The single most significant regulation in the history of digital advertising, the General Data Protection Regulation (GDPR), comes into force next week.
While often portrayed as a burden for digital advertising, GDPR will in fact be the catalyst for a new era of quality and clarity in the ecosystem. For too long digital has been the "wild west" of the advertising industry, but GDPR’s potential penalties will lead publishers to carefully scrutinise the quality of their partners. This will inevitably lead to consolidation around the industry’s most responsible providers, as publishers refuse to place their fate in businesses they don’t trust. For the first time, trust, quality and clarity in the digital advertising ecosystem will be non-negotiable.
The digital ecosystem as we know it
Programmatic advertising brought huge benefits to digital when introduced almost a decade ago. The technology enabled advertisers to precisely target audiences efficiently and at scale, while also delivering relevant, personalised messaging that enhances the user experience for consumers.
But programmatic has also spawned an unwieldy and incomprehensible ecosystem where bad actors can thrive and issues around quality, ad fraud, and brand safety have proliferated. A recent CMO Council survey revealed that almost three-quarters of marketers are concerned about brand integrity and control in programmatic.
In addition, some low-quality exchanges have begun a price war, competing on an impression-by-impression basis to maximise publisher yield, rather than working toward mutually beneficial long-term partnerships. And as a standoff continues to develop within the crowded exchange space, an undisciplined "free for all" environment persists.
A GDPR inspired clean-up begins
The enforcement of the GDPR will transform the ecosystem’s approach to consumer data -- the lifeblood of programmatic advertising. It will regulate the collection, storage and processing of data, issuing fines of up to €20,000,000 or 4% of a company’s worldwide revenue -- whichever is greatest -- for serious infringements.
As "data controllers," publishers will find themselves liable for the data security measures their technology partners, known as "data processors," have in place. They will need to ensure that the legal agreements they have with these partners comply with the GDPR, and as a result will become far more aware about who they work with, limiting partnerships to trusted and transparent providers. Digital supply chains will be shortened, reducing the opportunity for shady or fraudulent practises, and mergers and acquisitions will consolidate the ad-tech space around a smaller group of high-quality, trusted partners that have a track record of investing in security and quality. The net result with be a simpler, more streamlined and healthier ecosystem.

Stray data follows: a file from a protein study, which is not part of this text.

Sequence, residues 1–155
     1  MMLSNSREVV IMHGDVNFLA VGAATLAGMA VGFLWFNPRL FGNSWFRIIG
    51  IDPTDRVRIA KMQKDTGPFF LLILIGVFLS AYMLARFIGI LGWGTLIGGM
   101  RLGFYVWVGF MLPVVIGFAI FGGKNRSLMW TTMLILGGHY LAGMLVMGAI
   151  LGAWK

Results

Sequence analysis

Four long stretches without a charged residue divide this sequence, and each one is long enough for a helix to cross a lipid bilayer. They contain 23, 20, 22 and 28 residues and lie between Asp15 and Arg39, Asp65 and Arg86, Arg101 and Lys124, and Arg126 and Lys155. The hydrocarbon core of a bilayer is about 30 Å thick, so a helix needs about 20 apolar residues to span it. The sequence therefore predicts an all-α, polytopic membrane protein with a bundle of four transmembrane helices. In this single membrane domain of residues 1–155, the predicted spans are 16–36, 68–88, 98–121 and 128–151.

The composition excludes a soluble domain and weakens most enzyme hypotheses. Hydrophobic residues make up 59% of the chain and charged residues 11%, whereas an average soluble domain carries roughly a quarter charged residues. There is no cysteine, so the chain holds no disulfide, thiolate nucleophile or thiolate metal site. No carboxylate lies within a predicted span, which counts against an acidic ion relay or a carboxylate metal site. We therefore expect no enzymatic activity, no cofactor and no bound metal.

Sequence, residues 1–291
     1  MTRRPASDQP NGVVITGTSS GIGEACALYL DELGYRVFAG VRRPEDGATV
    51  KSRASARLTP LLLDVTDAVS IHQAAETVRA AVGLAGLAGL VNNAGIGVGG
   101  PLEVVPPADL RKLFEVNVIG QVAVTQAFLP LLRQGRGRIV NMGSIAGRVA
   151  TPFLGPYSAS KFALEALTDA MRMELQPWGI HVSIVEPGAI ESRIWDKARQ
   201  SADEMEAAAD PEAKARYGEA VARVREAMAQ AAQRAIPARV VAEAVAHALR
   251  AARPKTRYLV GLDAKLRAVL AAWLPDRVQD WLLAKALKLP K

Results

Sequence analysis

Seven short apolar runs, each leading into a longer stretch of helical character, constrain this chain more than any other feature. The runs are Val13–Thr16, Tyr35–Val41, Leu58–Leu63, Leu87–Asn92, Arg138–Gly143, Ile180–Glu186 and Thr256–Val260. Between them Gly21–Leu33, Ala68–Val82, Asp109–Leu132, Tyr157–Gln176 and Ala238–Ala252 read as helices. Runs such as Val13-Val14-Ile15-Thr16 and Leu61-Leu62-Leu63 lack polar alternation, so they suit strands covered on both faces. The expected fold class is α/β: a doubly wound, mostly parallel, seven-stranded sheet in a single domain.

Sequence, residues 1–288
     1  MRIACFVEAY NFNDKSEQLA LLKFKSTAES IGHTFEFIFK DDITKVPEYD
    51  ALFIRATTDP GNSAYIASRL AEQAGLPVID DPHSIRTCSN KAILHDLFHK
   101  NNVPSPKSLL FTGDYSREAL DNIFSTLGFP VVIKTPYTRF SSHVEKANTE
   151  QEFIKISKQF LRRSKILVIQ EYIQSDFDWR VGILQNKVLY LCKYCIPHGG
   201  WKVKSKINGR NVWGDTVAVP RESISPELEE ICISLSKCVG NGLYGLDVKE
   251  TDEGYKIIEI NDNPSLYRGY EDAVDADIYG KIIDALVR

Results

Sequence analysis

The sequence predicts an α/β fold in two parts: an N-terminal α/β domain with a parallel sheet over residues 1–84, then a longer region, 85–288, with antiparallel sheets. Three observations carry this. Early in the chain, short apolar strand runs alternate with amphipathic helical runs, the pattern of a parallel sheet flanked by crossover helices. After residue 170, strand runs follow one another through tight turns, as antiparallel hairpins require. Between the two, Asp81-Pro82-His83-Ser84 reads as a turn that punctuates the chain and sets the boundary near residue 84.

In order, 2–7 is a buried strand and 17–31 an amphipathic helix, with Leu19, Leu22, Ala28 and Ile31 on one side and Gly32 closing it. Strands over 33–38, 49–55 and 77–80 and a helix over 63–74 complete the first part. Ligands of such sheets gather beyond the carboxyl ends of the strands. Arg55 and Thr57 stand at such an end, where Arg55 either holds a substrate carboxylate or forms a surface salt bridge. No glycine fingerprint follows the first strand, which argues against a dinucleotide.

The GDPR will also raise the bar for data quality. By requiring users to opt in to data collection and processing, and compelling businesses to obtain explicit consent to specific types of processing such as automated decision-making and profiling, the regulation may reduce the volume of data collected, but will dramatically increase that data’s value. Higher-quality data, gained with explicit consent, will allow advertisers to obtain a more granular view of their target audience and reach consumers with relevant, meaningful messaging. A recent ICO survey reveals that 80% of UK citizens do not trust organisations with their data, but the GDPR provides the opportunity to demonstrate data responsibility and respect for personal information, helping businesses build trusting and rewarding consumer relationships.
Collaborating toward a brighter future
While the GDPR will bring a new era of transparency and trust, it should not be relied upon as an all-encompassing remedy for the ills of the digital advertising industry. It is just one force contributing to the great cleanup, and there are a multitude of other initiatives that the whole industry must get behind to restore faith in digital.
Standards put in place by industry bodies such as the Internet Advertising Bureau (IAB) are rapidly gaining popularity across the ecosystem. These include the ads.txt initiative, among others, which enables publishers to declare who has authorisation to sell their inventory and is designed to prevent practises such as inventory arbitrage and domain spoofing. Buyers, sellers and technology providers have all been urging the widespread adoption of the initiative, and as a result ads.txt has already been implemented by over half of programmatic publishers.
At the same time, cross-industry accountability programs such as the Trustworthy Accountability Group (TAG) aim to bring clarity to the ecosystem by fighting fraudulent traffic, malware and internet piracy as well as ensuring brand safety. By taking part in these initiatives themselves, or only working with providers who are certified through these programs, all sides of the ecosystem can help create a secure, high-quality marketplace and restore trust in digital advertising.
The GDPR’s enforcement on 25th May will be a pivotal moment for digital advertising. It will compel the industry o take a path of transparency and integrity, and will ultimately result in a simpler, more streamlined ecosystem where trusted providers will thrive. While the GDPR alone won’t clean up the industry, and needs to be supported by other initiatives and accountability programs, it does make data transparency a legal obligation -- heralding a new dawn for digital advertising.